Examining the Risk of Cancer and Cancer Mortality in Individuals with Psoriasis

UoM administered thesis: Phd

Abstract

Aims: This thesis aimed to explore the risk of cancer incidence and mortality in individuals with psoriasis. Methods: Observational studies of the risk of cancer incidence and mortality in individuals with psoriasis were identified through systematic review of six databases. Risk estimates from eligible studies were pooled through Der Simonian-Laird random-effects models. Study heterogeneity was considered through the I2 statistic, and study quality was assessed according to the Newcastle-Ottawa Scale (NOS). Three new cohort studies were undertaken involving participants from the Clinical Practice Research Datalink (CPRD) GOLD and Aurum who were eligible for linkage to hospital episode statistics (HES), Office for National Statistics death registration data (ONS) and the Index of Multiple Deprivation (IMD). Individuals with a record of psoriasis within the study window (01/01/1998 - 30/11/2018) were matched to comparison patients with no previous record of psoriasis based on age, sex, and general practice. Outcomes of interest were any cancer and 26 site-specific cancers. The concordance of cancer recording between linked CPRD, HES and ONS data was assessed for all outcomes. Factors associated with discordance between CPRD and HES were determined through logistic regression. The risk of incident cancer between individuals with psoriasis and matched comparators was determined through the use of Cox proportional hazards models. Cancer mortality risk between the two groups was investigated using flexible parametric models, in order to account for competing risks. Results: 58 unique studies were identified through systematic review - 50 exploring cancer incidence and 15 cancer mortality. The quality of included studies was heterogeneous, with NOS ratings generally greater for electronic health record studies, and lower for studies of cancer incidence compared to those of cancer mortality. Pooled estimates of all cancer incidence were elevated from studies of all psoriasis severities (Relative risk (RR), 1.18; 95% confidence intervals (CI): 1.06, 1.31) and those restricted to moderate-to-severe psoriasis (RR, 1.22; 95% CI: 1.08, 1.39). Elevated incident cancer risk was found at a number of sites, including colon, colorectum, kidney, larynx, liver, lymphoma, non-Hodgkin lymphoma, keratinocyte cancers, oesophagus, oral cavity, and pancreas. Studies of site-specific cancer mortality were infrequent, and limited to those only exploring moderate-to-severe psoriasis. Nonetheless, associations were reported for liver, oesophageal and pancreatic cancers. Notably, the heterogeneity of pooled estimates was often high. 58,904 individuals with psoriasis and 350,592 comparison patients were identified in CPRD GOLD; whereas 213,400 individuals with psoriasis and 1,268,998 comparison patients were included in CPRD Aurum. For any cancer record, concordance between CPRD and HES was greater than 80%. Concordance of cancer recording at the same site was more limited (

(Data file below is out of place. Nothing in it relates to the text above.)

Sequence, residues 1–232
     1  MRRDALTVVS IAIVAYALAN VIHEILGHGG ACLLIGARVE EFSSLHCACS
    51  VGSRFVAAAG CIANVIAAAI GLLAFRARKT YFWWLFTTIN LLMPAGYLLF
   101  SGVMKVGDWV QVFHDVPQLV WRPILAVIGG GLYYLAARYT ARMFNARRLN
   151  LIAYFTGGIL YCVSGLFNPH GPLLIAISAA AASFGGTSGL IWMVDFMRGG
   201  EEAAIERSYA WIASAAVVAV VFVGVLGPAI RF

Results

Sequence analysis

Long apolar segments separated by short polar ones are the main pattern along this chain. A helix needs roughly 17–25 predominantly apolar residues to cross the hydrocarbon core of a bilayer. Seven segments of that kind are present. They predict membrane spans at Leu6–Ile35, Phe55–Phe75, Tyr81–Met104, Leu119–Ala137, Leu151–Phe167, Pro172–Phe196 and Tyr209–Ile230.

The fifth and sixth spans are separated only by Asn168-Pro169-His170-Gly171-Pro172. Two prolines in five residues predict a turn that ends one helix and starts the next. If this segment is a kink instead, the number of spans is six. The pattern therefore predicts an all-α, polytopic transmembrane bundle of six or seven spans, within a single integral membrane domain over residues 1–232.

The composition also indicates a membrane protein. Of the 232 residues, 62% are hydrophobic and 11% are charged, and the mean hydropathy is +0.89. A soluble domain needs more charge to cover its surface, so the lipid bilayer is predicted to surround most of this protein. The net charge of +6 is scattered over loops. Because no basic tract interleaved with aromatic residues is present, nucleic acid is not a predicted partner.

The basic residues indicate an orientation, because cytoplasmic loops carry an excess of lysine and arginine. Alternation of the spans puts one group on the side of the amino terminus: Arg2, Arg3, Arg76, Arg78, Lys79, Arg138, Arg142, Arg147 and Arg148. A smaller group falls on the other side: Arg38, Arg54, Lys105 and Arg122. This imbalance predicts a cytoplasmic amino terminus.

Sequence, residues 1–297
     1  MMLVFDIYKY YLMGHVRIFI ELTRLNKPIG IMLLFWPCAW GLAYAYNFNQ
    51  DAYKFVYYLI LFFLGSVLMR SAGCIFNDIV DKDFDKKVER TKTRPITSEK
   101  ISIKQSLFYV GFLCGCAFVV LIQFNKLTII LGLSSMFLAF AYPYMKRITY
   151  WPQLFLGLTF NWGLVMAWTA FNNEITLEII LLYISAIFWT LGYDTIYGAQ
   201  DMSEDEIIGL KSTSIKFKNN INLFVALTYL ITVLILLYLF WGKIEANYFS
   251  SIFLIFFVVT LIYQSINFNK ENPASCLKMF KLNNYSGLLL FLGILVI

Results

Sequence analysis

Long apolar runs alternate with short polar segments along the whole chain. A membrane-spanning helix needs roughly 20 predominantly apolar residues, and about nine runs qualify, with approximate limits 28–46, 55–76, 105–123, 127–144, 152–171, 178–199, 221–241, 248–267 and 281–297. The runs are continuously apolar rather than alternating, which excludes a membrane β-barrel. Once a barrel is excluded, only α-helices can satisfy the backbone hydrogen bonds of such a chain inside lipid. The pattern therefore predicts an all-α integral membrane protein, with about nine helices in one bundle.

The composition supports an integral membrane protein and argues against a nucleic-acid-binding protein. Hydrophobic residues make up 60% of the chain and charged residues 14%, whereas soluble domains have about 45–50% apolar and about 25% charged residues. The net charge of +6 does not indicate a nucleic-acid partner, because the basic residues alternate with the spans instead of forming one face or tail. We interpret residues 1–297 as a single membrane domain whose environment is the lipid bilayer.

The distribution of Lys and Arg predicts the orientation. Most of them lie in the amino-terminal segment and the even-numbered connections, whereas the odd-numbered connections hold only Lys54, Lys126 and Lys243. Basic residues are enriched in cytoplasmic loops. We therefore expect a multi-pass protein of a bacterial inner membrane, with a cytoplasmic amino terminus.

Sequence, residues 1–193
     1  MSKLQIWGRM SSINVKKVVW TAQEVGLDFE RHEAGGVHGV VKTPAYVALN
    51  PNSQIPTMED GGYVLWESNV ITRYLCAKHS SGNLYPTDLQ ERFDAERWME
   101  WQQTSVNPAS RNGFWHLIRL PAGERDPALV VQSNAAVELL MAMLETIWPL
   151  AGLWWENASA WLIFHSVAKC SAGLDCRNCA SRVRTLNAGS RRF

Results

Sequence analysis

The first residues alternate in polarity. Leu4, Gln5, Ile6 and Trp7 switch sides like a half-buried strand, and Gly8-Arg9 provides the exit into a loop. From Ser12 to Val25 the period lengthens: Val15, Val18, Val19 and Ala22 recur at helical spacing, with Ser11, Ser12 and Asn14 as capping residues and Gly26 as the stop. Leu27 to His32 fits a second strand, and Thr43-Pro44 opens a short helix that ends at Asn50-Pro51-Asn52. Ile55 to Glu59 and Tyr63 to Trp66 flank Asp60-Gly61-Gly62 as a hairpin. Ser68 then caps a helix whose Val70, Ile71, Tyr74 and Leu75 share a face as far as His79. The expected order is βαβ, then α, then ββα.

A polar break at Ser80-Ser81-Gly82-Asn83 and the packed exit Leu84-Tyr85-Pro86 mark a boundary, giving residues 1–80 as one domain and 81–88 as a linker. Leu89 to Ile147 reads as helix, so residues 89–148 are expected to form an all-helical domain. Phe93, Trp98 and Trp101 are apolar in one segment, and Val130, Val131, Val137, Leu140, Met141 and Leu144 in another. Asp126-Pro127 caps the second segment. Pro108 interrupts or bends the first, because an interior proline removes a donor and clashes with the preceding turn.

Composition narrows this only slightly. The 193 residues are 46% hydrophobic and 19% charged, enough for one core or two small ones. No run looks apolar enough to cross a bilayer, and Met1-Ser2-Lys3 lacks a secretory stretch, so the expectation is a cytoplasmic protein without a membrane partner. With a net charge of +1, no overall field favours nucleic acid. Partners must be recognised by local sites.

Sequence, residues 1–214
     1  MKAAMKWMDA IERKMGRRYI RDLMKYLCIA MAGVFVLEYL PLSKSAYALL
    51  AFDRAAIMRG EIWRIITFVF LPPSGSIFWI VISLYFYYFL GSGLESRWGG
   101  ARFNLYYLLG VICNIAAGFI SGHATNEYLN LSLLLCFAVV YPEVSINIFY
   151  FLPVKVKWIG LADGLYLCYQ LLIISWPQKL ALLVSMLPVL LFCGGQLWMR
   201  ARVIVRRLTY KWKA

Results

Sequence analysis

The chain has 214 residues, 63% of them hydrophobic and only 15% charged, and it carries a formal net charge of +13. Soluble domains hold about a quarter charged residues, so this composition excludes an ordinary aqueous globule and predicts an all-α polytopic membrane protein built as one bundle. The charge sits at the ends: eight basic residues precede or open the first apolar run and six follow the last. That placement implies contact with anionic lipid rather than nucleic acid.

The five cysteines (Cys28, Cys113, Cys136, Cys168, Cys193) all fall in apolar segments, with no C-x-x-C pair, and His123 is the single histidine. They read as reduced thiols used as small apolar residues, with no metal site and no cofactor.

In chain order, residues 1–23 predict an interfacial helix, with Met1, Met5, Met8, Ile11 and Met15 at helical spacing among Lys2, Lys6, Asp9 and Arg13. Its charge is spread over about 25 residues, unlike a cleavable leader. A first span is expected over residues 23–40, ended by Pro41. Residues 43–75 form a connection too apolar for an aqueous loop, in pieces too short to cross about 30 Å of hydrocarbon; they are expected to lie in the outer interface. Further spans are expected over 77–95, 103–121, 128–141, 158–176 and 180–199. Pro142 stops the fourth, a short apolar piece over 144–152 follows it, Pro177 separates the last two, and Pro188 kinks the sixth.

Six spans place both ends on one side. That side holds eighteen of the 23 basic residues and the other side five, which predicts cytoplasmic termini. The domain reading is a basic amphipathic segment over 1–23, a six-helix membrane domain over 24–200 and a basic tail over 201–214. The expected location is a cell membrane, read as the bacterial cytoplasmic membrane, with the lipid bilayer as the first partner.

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Original languageEnglish
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Award date1 Aug 2022